“Lawyers also have a role to play to ensure the AI product is complying with the law, rather than thinking we're complying with the law just because we have this technology in place.”
How will this impact the future of the legal profession?
One advantage for lawyers is that AI can take away what's often described as the grunt work.
“With the help of AI carrying out the grunt work, lawyers can shift their focus to tasks where they can add value through their skill set. This in turn, will benefit clients more as they are paying their lawyers to provide them with the advice and advocacy they need. They are not paying their lawyers to review documents,” Dr Bell says.
Legal services can therefore be made cheaper and more efficient with the help of AI.
“We need to be training lawyers to understand how AI works, and also be able to interpret its outputs. We need to know its limitations, weaknesses, biases, so that lawyers can use AI as a tool, and also be able to assess outputs.
“The aim is not to have lawyers become computer scientists. It's to have lawyers be able to talk with and engage with the computer scientists and the engineers who created the AI products.”
Any disadvantages about incorporating AI into the law?
There is a big difference between lawyers and AI. Although AI can help to provide people with legal information and empowering them to a degree – there will be instances where the human factor is needed; especially in family law, criminal law and immigration law. Lawyers need to understand AI’s limitations and biases, and in some circumstances must be able to challenge its use where it could be contributing to unjust outcomes.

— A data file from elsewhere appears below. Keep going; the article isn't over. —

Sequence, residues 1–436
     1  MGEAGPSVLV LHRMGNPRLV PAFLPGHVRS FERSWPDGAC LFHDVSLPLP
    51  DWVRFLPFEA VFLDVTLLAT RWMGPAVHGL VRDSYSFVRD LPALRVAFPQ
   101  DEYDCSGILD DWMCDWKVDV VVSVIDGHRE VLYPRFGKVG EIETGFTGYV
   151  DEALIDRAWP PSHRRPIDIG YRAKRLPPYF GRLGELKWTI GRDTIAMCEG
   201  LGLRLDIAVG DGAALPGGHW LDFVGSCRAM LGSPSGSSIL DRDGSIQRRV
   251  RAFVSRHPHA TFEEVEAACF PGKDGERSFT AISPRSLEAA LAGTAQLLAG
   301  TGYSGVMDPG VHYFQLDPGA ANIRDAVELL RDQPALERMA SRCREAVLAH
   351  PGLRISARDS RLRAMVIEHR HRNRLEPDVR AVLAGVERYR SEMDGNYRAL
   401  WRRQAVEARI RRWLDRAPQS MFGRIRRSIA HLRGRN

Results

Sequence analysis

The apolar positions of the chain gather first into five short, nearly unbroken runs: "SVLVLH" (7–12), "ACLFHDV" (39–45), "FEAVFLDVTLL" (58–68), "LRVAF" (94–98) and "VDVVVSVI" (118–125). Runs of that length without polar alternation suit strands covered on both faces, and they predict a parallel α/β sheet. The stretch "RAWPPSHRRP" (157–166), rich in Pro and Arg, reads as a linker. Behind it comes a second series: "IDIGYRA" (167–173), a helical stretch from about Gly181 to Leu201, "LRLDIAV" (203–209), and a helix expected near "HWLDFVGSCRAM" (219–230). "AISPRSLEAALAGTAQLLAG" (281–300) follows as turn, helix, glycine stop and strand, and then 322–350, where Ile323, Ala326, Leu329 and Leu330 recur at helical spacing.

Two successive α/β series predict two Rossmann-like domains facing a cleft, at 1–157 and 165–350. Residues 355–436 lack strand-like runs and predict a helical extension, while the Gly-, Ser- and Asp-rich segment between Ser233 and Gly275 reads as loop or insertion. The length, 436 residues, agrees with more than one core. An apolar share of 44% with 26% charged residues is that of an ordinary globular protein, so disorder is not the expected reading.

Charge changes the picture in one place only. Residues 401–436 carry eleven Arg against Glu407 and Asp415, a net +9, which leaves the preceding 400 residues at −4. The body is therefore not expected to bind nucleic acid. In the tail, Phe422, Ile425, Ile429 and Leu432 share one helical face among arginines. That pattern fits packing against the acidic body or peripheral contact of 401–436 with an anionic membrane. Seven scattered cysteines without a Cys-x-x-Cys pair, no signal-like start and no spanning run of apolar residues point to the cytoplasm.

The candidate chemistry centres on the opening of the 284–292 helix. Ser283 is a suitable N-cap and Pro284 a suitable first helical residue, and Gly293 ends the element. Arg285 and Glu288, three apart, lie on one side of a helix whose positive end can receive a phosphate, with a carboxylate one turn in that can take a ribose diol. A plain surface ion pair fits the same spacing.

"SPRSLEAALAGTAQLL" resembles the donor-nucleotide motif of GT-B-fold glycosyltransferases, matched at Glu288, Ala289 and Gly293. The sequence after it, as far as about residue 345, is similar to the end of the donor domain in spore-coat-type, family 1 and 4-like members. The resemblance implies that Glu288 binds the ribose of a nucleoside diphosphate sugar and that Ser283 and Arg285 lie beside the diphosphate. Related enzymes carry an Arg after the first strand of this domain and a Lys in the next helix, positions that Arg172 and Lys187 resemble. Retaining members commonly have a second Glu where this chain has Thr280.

“The person who is the subject of the legal system and bound by its outcomes, really wants to have another human by their side, rather than an AI product. Replacing a human being with AI will discount their experience with the legal system. It must be recognised that removing lawyers from the legal process will imposes costs that can be harmful to society,” Prof. Legg says.
However, AI can be used in smaller cases.
“In the area of dispute resolution, AI can facilitate the resolution of small claims, including those for which it would never have been economical to obtain traditional legal assistance.
“But in more high-profile cases, sensitive or complex disputes – the human advocate, strategic-thinker, creative and compassionate lawyer will be needed. The access to justice that AI provides in this context may be harmful to a client who does not have someone to advocate for them and ensure a fair process,” he says.
“Lawyers have the ethical responsibility and the duty to the administration of justice – which is to uphold the rule of law. I think the true position is that in the future, you will have this sort of AI-enhanced lawyer. It'll be a case of bringing the two together to achieve the best outcome.”
Professor Michael Legg is the Director of the Law Society of NSW Future of Law and Innovation in the Profession research stream (FLIPstream) at UNSW Faculty of Law & Justice. Dr Felicity Bell is a research fellow with FLIPstream.